Jump to: navigation, search

Land Reforms

Land Reforms measures taken by the government to change land ownership and production relationships in land. A major step in the direction of land reforms dates back to the formation of a Commission called Bengal Land Reforms Commission in 1940, which had Sir Francis Floud as the chairman. This Commission was a broad-based one, and included a representative of the big zamindars (landlords). The floud commission recommended abolition of zamindaris, which meant abolition of all rent-receiving interests above the tiller of the soil. In other words, the concept of creating new land tenures at the will of zamindars, and all other land tenures subject to intermediaries who had the right to receive rents from subordinate land holdings, resulting in extensive subinfeudation of land holdings, was abandoned. The commission wanted abolishment of all interests existing between the paramount power at the top i.e., the government and the men actually behind the plough i.e, the actual cultivators. Moreover, the commission took away the right to create subordinate interests in the future. Its recommendation did not, however, extend to sharecroppers (bargadars), who did not own the land they cultivated, but were the real tillers of the soil. On the basis of the above recommendations, laws were framed. But before the draft legislation could be passed, the Partition of Bengal took place in 1947.

In 1950, the East Bengal Legislative Assembly passed the east bengal state acquisition and tenancy act, which received the consent of the Governor General in 1951. Prior to this enactment, the Rent Act X of 1859 and the bengal tenancy act of 1885 (amended twice, once in 1928 and again in 1938) contained some measures defining the status and rights of the raiyats (the last in the ladder of the land tenure system) vis-a-vis the landlords at the top, and other tenure-holders or rent receiving interests just above the raiyat or under the raiyat at the bottom. The Floud Commission did not recommend any ceiling of khas land, which could be retained by any individual landholder in his direct possession. But the East Bengal State Acquisition and Tenancy Act contained a specific provision to the effect that no individual land holder (be he the zamindar or a tenure-holder or a raiyat) could retain in his direct possession any land exceeding 100 standard bighas or 13.5 ha.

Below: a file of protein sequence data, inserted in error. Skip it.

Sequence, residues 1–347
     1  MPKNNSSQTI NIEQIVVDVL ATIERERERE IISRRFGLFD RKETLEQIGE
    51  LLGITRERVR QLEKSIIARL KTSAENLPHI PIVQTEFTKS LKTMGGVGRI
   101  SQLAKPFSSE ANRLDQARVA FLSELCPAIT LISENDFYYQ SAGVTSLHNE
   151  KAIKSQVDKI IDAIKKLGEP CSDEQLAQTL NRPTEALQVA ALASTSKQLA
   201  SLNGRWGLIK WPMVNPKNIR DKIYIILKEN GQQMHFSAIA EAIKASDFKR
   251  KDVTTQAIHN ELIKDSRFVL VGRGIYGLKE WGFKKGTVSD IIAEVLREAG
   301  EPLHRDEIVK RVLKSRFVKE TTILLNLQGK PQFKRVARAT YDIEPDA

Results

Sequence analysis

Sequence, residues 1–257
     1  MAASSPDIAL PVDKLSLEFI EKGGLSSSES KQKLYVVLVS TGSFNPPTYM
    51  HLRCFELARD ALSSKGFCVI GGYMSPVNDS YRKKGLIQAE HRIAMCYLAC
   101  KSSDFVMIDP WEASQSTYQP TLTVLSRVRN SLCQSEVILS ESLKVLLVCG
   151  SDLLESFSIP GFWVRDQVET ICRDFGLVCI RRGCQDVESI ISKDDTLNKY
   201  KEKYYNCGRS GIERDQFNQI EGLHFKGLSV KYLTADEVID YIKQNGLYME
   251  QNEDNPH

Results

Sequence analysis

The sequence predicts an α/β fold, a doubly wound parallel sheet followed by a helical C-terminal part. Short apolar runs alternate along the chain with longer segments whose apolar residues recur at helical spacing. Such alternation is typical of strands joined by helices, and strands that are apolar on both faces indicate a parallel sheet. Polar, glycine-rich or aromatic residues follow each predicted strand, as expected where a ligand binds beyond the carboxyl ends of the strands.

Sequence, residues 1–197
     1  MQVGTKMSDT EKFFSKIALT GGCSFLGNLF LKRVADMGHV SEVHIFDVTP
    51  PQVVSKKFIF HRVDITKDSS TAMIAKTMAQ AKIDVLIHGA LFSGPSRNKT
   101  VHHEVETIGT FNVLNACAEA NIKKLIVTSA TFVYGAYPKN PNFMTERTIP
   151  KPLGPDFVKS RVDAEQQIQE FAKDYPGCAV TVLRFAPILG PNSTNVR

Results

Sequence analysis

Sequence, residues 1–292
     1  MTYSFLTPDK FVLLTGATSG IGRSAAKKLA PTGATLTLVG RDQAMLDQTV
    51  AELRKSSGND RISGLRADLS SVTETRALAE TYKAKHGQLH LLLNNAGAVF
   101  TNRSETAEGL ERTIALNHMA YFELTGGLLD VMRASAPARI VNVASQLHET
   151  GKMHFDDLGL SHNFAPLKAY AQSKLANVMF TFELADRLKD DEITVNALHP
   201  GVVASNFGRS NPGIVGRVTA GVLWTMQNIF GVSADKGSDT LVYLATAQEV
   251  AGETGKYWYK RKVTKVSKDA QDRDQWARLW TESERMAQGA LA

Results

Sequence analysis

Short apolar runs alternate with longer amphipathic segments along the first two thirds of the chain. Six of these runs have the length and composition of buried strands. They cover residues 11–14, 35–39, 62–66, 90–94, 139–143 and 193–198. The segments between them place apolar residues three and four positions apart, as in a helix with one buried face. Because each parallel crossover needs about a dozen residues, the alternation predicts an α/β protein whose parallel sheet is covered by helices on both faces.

The implementation of the scheme of state acquisition as envisaged in East Bengal State Acquisition and Tenancy Act involved a time taking process. After the act was passed, steps were initiated for acquiring, in a summary procedure as laid down in Chapter II of the act, the interests of proprietors of big estates on the basis of collection papers available from the concerned zamindars' kacharies (offices). Similar action was taken in respect of the court of wards estates. In this process, 443 big estates with a total annual income of Rs 47,427,207 were acquired straightway. But the interests of subordinate tenure and other rent-receivers under these estates remained unaffected.

The first hurdle in the implementation process came in the shape of several civil suits in the courts of sub-judges by some zamindars challenging the acquisition of their interests under the act. All these cases were, however, decreed in favour of government, both in the lower court and in the high court.

In 1952, the government decided to acquire all rent receiving interests, under Chapter V of the act, in the district of Bakerganj (now barisal) and the sundarbans of khulna, where the record of rights and maps had just been revised. According to the procedure laid out in Chapter V, land acquisition was to follow preparation of compensation assessment rolls. After the state acquisition operation was started, all rent receiving interests except khas land in patuakhali district were acquired with effect from 14 April 1954, in pirojpur district and Sundarbans area, with effect from 15 April 1955, and in most of Bakerganj district with effect from 14 April 1956.

On 12 October 1955, the government, however, finally decided to acquire by 14 April 1956 rent-receiving interests in all the remaining districts of the province by summary procedure under Chapter II of the act. It was a momentous decision. Orders were issued for immediate preparation of preliminary rent rolls on the basis of existing record of rights (to be simultaneously revised in a summary way) and available collection papers within 6 months to provide an immediate basis for collection of rents by the government machinery from the entire body of ground tenants who were paying rents to their respective landlords (superior rent receiving interests) at the bottom, prior to the date of wholesale acquisition.

It was, of course, a Herculean task to prepare the rent-rolls throughout the province before 14 April 1956, the day fixed for taking over all rent-receiving interests. Nevertheless, the settlement officers appointed in different zones for the purpose succeeded in accomplishing the job within the stipulated period and produced a set of preliminary rent-rolls for the province as a whole. This was known as the state acquisition operations.